Short-term political solutions to the job reservation issue can damage the fabric of the country, said Former RBI Governor Raghuram Rajan today against the backdrop of agitation by powerful communities, including Patidar community in Gujarat seeking reservation in jobs.
He made a strong case for broad-basing economic growth and generating more employment opportunities.
On the solution to the problem of majority of people feeling discriminated, he said, "The only way to solve this is to broad-base economic growth. We need to focus on that as the ultimate solution rather than emphasise grievances... (they are) politically in short-term very convenient but have potential to bring apart the fabric of this country."
Rajan made these comments referring to rising populist nationalism and also agitation by powerful communities for jobs.
"It (populist nationalism) has a potential to damage. I would define very simply as the majority community feeling aggrieved that it is being discriminated against. It exists across the world. It exists in India also. There are often underlying issues, for example an issue of job," the ex- Reserve Bank governor said in a recorded interview played at the Times Lit Fest 2017 here.
Some strong communities in India have started protesting to press for reservations because they are not finding jobs, he said, adding that it is very important to tackle underlying economic issues, including unemployment.
On the issue of "illiberal democracy, he said, it is worrying and this system needs to be tackled.
"Illiberal democracy is not only function of leader, function of system which cowed out very easily to strong leader... The press, the business group, all of them tend towards bowing even though there are exceptions because their interests are all aligned," Rajan said.
There are cosy relationships between political and corporate establishments, he said adding that often press is also owned by corporate establishment and independent voices tend to get suppressed.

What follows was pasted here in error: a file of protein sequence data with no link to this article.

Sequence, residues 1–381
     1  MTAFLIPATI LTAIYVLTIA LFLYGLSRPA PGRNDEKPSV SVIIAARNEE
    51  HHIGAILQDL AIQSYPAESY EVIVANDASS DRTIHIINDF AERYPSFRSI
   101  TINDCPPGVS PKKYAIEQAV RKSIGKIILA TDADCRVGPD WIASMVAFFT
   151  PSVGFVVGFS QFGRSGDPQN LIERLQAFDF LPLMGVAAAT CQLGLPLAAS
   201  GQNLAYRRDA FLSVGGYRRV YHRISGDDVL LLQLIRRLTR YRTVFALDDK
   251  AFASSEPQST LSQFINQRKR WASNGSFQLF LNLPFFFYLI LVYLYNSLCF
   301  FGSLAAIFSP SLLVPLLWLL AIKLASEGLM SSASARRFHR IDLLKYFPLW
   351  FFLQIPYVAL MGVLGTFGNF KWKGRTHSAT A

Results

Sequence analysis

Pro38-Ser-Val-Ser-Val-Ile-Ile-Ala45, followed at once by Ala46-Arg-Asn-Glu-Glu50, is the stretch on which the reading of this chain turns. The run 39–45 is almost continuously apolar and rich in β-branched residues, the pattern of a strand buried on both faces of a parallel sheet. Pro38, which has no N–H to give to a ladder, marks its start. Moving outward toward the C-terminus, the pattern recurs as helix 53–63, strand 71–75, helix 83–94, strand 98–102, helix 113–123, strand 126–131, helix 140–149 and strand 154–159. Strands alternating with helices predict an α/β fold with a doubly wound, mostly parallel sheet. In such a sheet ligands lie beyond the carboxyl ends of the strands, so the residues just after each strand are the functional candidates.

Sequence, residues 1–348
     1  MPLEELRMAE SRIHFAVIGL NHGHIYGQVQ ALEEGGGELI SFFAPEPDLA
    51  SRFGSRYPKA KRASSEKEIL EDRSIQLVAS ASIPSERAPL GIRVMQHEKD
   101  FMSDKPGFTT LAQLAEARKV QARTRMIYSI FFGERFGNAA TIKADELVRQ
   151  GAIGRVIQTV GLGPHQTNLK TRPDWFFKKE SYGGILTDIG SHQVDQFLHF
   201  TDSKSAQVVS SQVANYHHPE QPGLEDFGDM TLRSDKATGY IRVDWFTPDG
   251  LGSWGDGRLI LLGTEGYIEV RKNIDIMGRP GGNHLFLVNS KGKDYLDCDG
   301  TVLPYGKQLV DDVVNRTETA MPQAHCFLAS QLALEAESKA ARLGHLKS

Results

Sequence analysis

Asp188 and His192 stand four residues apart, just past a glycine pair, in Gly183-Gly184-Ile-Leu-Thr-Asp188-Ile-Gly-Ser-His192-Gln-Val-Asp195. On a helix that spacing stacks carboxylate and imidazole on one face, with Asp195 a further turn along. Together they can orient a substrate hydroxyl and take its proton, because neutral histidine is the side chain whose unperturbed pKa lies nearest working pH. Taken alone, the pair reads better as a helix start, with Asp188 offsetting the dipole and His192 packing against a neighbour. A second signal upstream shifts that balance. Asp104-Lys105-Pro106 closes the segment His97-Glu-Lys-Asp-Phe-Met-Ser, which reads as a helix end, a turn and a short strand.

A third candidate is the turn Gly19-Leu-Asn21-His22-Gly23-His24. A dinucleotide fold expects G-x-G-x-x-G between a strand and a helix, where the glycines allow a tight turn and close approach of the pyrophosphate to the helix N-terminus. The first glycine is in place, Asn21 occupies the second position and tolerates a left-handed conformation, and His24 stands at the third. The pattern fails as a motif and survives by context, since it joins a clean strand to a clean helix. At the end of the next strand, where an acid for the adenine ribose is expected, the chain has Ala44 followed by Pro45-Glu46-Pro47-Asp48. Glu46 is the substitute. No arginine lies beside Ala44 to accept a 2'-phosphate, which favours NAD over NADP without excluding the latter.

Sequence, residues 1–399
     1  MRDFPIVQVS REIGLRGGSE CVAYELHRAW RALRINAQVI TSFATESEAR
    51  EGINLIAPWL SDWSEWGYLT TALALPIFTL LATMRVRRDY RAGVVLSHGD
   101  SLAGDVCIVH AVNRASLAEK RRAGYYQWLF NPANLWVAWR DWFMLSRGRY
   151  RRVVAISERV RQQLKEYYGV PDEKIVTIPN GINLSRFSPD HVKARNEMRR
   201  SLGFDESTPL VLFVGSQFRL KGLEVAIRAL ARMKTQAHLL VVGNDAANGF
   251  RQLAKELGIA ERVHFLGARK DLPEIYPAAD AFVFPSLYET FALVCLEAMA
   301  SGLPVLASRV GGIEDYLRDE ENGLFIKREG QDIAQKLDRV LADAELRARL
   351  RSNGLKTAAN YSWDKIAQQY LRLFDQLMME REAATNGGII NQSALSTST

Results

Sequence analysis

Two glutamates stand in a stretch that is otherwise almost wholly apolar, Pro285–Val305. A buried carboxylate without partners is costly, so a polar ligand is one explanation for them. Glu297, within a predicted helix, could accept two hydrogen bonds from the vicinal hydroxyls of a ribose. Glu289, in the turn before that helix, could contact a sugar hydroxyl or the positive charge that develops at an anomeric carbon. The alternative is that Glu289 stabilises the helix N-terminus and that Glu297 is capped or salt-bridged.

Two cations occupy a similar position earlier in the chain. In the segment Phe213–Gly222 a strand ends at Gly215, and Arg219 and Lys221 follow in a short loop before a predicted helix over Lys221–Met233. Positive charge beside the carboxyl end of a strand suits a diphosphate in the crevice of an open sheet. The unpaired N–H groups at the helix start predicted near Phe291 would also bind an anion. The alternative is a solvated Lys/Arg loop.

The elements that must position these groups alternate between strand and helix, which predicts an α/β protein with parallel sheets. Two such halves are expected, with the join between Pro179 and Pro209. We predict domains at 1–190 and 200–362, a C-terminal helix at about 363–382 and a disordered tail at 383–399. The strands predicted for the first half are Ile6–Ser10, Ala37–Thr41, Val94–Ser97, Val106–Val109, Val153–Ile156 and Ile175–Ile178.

On increasing incidences of censorships and bans, the former central bank chief said, these are not a feature of any particular government and have happened again and again since independence.
It is important to recognise that as a tolerant society India is better off having free speech with the provision that it should not propagate violence, Rajan said.
On criticism from various quarters faced during his stint as RBI governor, he said, "We have to develop thicker skins.
Citing example of flag burning incidents in the US, he said, once the Supreme Court decided to allow this as part of protest, the incidences slowly diminished.
Rajan also said that India is a vibrant democracy and it has to be seen as a strength rather than as a weakness.
"Growth in democracy is much more stable unlike authoritarian rule. It is beneficial because it tends to be egalitarian. It tends to take people along with. Democracy gives right, allows people to protest," he said.
On the threat to Hinduism due to rising intolerance, Rajan said "it is a vast house and it can survive".
"Hinduism is a tolerant religion which is the way it has always structured or evolved. So, I think specific incidence of intolerance is overstating the risk. My sense is that we have gone through this but Hinduism has survived," he added.